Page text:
Impacts of Adding Gypsum to Lime-Rich Soils


Gypsum increases the quality of products

Gypsum is one of the best sources of calcium and sulfate for plants that need calcium, including peanuts, tomatoes, wheat, corn, citrus, and so on. The majority of articles have reported no calcium deficiency in most of the soils in Iran due to the excess availability of lime. However, calcium deficiency is evident in most calcareous soils, where it is among the leading cause of malformation of many fruits such as tomatoes. The low solubility of lime in Iran’s calcareous soil will result in the critical concentration of calcium, consequently low availability of calcium to plants. Calcium foliar spray lends necessary calcium to the plant, but for shoots and aerial organs, because the slow speed of calcium transmission within the plant inhibits calcium from reaching the roots, causing damage to roots under calcium deficiency. Gypsum application is a well-established way to supply calcium to the soil. The moderate solubility of gypsum keeps the calcium concentration of the soil at a normal level for plants, by which the calcium is supplied to plants. The addition of gypsum in rice farms increases the yield of grain by 21%, according to experiments.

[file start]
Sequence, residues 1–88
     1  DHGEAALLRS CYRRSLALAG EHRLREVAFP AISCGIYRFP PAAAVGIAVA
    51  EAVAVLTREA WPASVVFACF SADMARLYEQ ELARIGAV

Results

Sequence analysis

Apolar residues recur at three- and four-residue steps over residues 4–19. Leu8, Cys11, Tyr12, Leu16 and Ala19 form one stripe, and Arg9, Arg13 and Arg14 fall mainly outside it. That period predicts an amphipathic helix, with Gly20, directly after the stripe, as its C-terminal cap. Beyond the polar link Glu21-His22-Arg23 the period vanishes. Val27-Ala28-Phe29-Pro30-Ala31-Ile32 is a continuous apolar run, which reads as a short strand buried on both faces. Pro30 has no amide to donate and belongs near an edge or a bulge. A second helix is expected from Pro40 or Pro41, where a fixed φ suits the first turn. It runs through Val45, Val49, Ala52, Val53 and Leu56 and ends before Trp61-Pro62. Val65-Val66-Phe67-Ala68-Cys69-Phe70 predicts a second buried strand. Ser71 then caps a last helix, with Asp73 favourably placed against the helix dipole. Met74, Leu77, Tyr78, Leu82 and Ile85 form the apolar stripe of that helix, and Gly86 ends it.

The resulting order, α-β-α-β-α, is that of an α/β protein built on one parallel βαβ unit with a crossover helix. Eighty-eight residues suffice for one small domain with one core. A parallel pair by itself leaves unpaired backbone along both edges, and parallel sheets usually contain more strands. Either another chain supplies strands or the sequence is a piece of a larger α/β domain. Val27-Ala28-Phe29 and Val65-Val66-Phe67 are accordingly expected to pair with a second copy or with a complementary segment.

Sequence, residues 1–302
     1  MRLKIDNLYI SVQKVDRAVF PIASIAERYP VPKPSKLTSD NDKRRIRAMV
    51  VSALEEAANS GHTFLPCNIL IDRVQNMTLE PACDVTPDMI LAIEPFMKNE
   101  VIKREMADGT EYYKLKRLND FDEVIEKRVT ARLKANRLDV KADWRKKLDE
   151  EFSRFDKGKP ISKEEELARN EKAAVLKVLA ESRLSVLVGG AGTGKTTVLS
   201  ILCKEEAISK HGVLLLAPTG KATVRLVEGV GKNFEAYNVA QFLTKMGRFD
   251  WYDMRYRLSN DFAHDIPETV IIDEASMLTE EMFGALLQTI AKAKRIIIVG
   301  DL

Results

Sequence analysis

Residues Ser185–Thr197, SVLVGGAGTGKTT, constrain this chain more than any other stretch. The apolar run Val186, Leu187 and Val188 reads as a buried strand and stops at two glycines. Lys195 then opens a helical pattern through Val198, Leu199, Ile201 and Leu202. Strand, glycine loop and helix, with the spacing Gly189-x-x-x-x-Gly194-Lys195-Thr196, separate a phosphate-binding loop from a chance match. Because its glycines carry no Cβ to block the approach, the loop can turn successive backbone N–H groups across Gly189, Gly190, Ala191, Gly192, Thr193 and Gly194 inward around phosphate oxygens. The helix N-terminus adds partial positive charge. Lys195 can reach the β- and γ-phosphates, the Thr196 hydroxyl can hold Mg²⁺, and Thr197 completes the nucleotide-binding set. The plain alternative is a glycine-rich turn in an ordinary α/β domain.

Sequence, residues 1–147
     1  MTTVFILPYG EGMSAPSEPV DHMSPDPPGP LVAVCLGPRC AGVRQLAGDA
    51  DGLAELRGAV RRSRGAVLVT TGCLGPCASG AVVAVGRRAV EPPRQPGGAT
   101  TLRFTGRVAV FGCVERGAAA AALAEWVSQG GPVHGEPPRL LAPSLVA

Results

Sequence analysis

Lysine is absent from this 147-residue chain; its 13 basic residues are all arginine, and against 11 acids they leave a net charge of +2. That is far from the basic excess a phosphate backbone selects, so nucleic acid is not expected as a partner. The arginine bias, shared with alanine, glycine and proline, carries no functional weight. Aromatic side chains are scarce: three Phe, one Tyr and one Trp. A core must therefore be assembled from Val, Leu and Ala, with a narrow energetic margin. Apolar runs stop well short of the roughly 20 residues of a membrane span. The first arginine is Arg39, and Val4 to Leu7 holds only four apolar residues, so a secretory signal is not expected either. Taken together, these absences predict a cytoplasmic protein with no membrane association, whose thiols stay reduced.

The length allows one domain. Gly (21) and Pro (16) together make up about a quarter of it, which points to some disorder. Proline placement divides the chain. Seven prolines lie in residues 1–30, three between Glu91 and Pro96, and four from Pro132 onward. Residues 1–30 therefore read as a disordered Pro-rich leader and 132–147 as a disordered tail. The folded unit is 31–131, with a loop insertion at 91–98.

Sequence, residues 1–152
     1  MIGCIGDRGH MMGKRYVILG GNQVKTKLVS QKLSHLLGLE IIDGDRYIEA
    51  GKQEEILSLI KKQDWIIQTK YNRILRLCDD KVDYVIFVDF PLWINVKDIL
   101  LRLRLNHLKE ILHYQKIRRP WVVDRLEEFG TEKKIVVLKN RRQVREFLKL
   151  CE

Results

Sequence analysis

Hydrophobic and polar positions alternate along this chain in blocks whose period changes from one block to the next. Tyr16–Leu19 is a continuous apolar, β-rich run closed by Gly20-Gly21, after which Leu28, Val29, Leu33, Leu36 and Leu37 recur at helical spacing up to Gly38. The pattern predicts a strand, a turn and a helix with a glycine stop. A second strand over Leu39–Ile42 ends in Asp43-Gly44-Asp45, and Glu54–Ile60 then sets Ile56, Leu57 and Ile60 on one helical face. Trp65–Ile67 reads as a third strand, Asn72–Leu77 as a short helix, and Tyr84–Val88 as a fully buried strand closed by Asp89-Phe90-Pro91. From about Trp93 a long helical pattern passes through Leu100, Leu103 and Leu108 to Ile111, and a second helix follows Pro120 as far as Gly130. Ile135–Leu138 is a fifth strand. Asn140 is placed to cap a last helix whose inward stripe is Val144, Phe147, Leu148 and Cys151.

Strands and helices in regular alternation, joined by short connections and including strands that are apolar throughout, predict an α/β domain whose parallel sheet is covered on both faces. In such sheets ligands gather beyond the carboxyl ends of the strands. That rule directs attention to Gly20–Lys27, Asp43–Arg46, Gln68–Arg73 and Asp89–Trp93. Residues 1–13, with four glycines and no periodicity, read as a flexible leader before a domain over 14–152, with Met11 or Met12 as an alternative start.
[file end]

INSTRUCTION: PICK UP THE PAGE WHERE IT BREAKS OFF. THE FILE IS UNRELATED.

Gypsum regulates soil pH

Numerous studies have shown that the availability of lime in soils has no terrible impacts on plants, but it raises soil pH by 7.8 to 8.2. At this pH, many plants fail to absorb nutrients such as phosphorus, calcium, and micronutrients. Furthermore, lime availability in the soil can form hard layers that block the roots from percolation through the soil profile. Adding gypsum to the soil reduces the pH to the neutral level that is suitable for the growth and development of most crops and horticultural plants.

An alternative technique for pH reduction in alkaline farms is adding ammonium sulfate fertilizer to the soil. Ammonium sulfate supplies nitrogen and sulfur demanded by trees and improves alkaline soils and reduces their pH.